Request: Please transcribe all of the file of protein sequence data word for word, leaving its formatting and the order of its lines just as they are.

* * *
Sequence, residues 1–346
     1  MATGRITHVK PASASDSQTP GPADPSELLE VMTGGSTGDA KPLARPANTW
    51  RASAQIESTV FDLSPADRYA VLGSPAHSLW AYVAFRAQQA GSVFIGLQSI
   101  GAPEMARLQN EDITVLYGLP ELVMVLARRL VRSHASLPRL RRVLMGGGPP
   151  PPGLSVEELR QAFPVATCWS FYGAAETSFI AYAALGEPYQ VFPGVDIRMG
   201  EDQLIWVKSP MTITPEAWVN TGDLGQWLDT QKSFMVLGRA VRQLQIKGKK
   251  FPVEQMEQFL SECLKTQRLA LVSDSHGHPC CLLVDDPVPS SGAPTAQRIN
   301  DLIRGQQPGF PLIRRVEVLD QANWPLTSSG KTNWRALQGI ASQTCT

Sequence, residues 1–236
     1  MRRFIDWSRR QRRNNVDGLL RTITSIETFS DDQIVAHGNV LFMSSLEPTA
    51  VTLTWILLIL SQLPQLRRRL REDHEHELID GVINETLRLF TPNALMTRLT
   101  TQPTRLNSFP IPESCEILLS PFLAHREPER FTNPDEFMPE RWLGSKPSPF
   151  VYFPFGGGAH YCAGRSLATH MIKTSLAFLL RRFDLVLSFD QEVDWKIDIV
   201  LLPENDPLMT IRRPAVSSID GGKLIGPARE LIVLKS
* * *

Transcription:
Sequence, residues 1–346
     1  MATGRITHVK PASASDSQTP GPADPSELLE VMTGGSTGDA KPLARPANTW
    51  RASAQIESTV FDLSPADRYA VLGSPAHSLW AYVAFRAQQA GSVFIGLQSI
   101  GAPEMARLQN EDITVLYGLP ELVMVLARRL VRSHASLPRL RRVLMGGGPP
   151  PPGLSVEELR QAFPVATCWS FYGAAETSFI AYAALGEPYQ VFPGVDIRMG
   201  EDQLIWVKSP MTITPEAWVN TGDLGQWLDT QKSFMVLGRA VRQLQIKGKK
   251  FPVEQMEQFL SECLKTQRLA LVSDSHGHPC CLLVDDPVPS SGAPTAQRIN
   301  DLIRGQQPGF PLIRRVEVLD QANWPLTSSG KTNWRALQGI ASQTCT

Sequence, residues 1–236
     1  MRRFIDWSRR QRRNNVDGLL RTITSIETFS DDQIVAHGNV LFMSSLEPTA
    51  VTLTWILLIL SQLPQLRRRL REDHEHELID GVINETLRLF TPNALMTRLT
   101  TQPTRLNSFP IPESCEILLS PFLAHREPER FTNPDEFMPE RWLGSKPSPF
   151  VYFPFGGGAH YCAGRSLATH MIKTSLAFLL RRFDLVLSFD QEVDWKIDIV
   201  LLPENDPLMT IRRPAVSSID GGKLIGPARE LIVLKS